The Right to Seek Asylum- EAPN Ireland Poverty Watch 2022 Extract
“You have to understand, that no one puts their children in a boat unless the water is safer than the land”– Home by Warsan Shire.
For the past decade, one the most urgent issues we have seen in Europe is migration and the movement of people fleeing persecution from their countries of origin. This issue has grown rapidly in 2022, due to the invasion of Ukraine by Russia in February of this year. As of August 2022, it is estimated that over 6 million Ukrainian people have sought refuge across Europe, with 35,670 Personal Public Service Numbers (PPSNs) issued in Ireland to individuals from Ukraine under the Temporary Protection Directive. The activation within the EU, for the first time since its introduction in 2001, of the Temporary Protection Directive, which addresses the mass arrival of people seeking international protection, is welcome. European countries have rightfully provided much needed emergency assistance to people from Ukraine, predominantly women, children, and older people.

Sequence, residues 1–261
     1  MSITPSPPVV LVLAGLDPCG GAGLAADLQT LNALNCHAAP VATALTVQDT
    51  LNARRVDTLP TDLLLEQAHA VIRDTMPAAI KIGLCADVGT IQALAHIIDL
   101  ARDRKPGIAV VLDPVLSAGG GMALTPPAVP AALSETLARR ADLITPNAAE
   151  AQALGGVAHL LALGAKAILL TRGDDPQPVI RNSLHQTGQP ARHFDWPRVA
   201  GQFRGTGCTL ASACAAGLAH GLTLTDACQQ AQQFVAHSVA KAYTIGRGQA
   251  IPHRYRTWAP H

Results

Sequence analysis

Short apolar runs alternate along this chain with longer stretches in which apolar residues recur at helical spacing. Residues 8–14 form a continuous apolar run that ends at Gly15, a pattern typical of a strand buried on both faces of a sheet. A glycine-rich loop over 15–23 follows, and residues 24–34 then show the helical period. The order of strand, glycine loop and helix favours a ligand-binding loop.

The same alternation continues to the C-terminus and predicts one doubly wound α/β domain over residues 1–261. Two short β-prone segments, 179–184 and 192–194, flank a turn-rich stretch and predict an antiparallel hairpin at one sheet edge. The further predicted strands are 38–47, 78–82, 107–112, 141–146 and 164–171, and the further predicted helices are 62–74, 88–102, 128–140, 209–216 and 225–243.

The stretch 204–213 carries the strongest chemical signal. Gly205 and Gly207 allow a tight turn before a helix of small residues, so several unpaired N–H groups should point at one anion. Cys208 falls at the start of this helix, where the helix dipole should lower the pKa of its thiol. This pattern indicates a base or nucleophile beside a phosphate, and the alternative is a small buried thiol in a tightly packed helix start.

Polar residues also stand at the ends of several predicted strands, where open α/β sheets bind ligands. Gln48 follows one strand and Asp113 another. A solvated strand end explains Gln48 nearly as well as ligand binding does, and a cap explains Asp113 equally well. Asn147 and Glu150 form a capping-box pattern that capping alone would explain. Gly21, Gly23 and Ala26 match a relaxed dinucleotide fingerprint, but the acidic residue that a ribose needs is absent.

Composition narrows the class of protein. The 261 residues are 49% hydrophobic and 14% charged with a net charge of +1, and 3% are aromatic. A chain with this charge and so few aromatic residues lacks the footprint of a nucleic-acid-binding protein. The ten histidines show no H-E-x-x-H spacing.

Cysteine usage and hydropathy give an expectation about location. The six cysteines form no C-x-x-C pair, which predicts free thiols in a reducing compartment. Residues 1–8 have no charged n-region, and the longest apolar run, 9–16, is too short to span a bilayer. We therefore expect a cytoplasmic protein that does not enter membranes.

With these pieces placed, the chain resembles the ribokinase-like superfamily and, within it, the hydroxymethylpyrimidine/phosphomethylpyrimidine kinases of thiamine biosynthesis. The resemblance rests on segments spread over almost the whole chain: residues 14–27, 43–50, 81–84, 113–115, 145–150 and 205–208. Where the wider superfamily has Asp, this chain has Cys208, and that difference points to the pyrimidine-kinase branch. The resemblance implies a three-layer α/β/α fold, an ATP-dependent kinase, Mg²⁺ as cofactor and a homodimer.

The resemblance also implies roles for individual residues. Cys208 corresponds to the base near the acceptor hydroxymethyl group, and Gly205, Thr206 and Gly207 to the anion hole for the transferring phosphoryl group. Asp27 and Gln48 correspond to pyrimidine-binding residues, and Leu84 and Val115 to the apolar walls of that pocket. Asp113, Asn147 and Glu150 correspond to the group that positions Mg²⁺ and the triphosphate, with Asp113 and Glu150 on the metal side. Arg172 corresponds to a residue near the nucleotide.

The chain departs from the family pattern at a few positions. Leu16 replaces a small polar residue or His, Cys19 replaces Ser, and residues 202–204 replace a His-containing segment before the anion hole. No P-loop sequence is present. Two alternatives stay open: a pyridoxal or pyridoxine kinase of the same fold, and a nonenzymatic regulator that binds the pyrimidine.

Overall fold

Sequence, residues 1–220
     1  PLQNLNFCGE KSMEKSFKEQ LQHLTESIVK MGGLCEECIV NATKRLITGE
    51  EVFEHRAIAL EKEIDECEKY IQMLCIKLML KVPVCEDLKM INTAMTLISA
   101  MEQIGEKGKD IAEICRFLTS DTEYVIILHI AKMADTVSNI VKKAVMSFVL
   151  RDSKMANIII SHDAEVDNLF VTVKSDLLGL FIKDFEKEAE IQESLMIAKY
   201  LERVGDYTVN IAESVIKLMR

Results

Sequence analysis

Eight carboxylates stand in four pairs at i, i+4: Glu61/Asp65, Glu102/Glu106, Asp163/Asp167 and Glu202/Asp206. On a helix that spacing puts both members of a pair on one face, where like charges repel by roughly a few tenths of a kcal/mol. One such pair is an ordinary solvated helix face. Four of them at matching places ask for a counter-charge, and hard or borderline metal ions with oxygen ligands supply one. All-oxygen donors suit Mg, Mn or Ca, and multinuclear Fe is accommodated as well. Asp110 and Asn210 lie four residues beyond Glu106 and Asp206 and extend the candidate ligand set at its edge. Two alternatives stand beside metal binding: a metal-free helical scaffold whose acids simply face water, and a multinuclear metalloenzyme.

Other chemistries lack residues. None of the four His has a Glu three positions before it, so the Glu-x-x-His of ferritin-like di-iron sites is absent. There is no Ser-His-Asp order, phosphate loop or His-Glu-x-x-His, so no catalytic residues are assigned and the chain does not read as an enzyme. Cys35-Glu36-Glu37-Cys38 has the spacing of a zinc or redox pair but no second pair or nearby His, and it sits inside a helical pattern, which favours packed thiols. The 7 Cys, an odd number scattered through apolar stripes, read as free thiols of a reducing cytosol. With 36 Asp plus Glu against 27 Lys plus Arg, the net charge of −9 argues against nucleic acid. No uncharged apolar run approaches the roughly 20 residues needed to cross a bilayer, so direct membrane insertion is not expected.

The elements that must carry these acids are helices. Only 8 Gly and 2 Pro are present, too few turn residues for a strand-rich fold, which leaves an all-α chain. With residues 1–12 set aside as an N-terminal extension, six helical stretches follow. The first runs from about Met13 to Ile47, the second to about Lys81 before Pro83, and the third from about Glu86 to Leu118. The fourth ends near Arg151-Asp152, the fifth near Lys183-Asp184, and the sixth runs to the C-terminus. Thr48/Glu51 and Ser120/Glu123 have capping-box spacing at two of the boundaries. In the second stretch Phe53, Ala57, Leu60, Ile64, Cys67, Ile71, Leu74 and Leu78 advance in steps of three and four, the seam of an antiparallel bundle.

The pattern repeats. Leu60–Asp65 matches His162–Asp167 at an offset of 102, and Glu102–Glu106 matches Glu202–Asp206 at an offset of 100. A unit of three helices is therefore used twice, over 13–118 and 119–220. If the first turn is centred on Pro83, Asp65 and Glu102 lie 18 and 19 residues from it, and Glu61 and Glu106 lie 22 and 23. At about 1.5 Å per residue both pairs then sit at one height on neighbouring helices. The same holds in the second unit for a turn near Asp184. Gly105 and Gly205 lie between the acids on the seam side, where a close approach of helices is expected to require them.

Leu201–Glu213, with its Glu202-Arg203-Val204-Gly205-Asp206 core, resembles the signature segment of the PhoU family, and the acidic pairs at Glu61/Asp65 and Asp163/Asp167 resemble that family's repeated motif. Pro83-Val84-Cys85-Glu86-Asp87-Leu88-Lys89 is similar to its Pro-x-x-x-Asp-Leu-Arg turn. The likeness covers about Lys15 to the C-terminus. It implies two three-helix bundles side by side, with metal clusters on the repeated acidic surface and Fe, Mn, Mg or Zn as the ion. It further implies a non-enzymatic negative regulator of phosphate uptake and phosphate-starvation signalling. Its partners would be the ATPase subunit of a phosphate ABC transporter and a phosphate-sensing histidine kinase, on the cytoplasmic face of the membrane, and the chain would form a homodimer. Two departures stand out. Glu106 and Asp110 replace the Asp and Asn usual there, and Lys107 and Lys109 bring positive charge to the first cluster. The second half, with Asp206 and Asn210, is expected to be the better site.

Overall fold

In recent years, prior to the war in Ukraine, we have seen a rise in populism and a questioning of the EU Treaty values (Article two) of human dignity, human rights, justice, solidarity and equality. This has manifested in a defensive and inhumane response from the EU towards migrants and those seeking international protection. Since 2011 the EU has consistently supported and developed policies designed to galvanise and strengthen the idea of “Fortress Europe”, with policies within EU countries now being adopted that support the implementation of hard physical borders and returning people to their country of origin as a first resort. EU countries have also rolled back rights relating to family reunification, and there has been increasing difficulty obtaining refugee as opposed to temporary status.